• In terms of personal documents, you will need your passport, with at least 6 pages free (I only have 4. Yikes), proof of accommodation and financial capability to take care of yourself in the country, yellow fever vaccination certificate. Have multiple copies of all these documents and digital copies on your phone. Yo. You never know when you need these things. Better be over-prepared.

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In terms of Visas, as a Kenyan passport holder, you only need to get a Visa to South Africa and Mozambique. All the other countries give entry at the borders. You can see a whole list of countries you don’t need a visa to visit, as a Kenyan.

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So now that we’ve had the good, here’s the bad;

We thought we’d be able to get the Mozambique visa at the border but we found out today that we have to get the visa here before we leave so this will set us back a couple of days.

Luanda (the Landie that we’re taking) has some paper work issues that we need to solve before we can leave. It’s a bureaucratic issue that we hope to solve in a week but have very little control over.

This said, We are planning for a departure between 20th and 23rd and that’s hopeful. Bear and pray with us for a quick breakthrough in these matters. To me, all of this preparation is Unscrambling Africa. The journey has started. The journey isn’t just the driving and the shooting, it’s this. It’s the discovery and the preparation and the frustration of where to go and how to get there. We’re on a journey, even if we’re not yet on the move. Every day my head wanders before I sleep, thinking, Do I have enough equipment? What if I loose a card? What if I need an extra lens? What if we can’t get into a certain country? Do we really need to get into Maputo? It’s a mental journey waaay before its a physical journey. What can I say.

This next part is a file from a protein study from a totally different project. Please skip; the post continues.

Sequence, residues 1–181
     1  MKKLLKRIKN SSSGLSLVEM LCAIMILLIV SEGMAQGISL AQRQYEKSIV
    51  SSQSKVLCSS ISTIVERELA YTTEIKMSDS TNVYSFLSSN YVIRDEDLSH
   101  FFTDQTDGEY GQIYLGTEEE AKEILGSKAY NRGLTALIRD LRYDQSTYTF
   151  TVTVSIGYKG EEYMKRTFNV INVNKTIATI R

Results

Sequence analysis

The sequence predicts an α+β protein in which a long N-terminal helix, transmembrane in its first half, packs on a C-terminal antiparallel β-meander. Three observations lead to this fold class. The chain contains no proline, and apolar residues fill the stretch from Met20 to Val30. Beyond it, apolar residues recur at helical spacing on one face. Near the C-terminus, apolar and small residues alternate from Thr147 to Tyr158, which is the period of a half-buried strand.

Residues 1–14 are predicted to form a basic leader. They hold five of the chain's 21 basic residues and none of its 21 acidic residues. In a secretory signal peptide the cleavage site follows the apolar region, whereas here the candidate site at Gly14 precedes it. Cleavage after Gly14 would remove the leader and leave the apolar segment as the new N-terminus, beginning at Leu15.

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God bless y’all. I hope you have a less frustrating day, will ya!

  • Reema Doshi

    All the best to you and the team! Will be following your journey 🙂

  • Karimi Kagwe

    praying with and cheering you guys on!

  • musa

    wish you the best on your trip. make sure you carry certified copies of your logbook and other docs – zambia will ask for them! and yes, you need to visit maputo because its a really beautiful city.

    • We will do so. Thank you very much for the tip. We really hope we make it into Maputo. DOn’t wanna leave any city unshot.

  • This is amazing!
    I pray for safety on your trip.
    I pray that you have fun and see amazing things!
    I will be following your journey!

  • Mkulima Young

    In Mozambique get a certified copy of your passport (at a police station there)…when asked for your passport by Police present the certified one…Maputo is beautiful (get photos of Maputo Railway station)

  • Angela K

    All the best guys!
    And yes, the travel frustrations and bureaucracies are part of Unscrambling Africa.
    On the bright side, you can become road-trip consultants for Sub-Saharan Africa alongside your usual businesses on your return. 🙂

    • Ooohhh. Good one. Use this frustration to make some side cash. *high five* Thank you

  • Muthoni Bernadette

    You know what, Mutua? Just reading this post has given me so much life! I shall be on this journey with you, vicariously. I’ve always dreamed of Africans telling our own stories and I can’t wait to see all you will discover! It’s gonna take off. All the best guys! Sending all the good vibes your way 🙂 🙂 🙂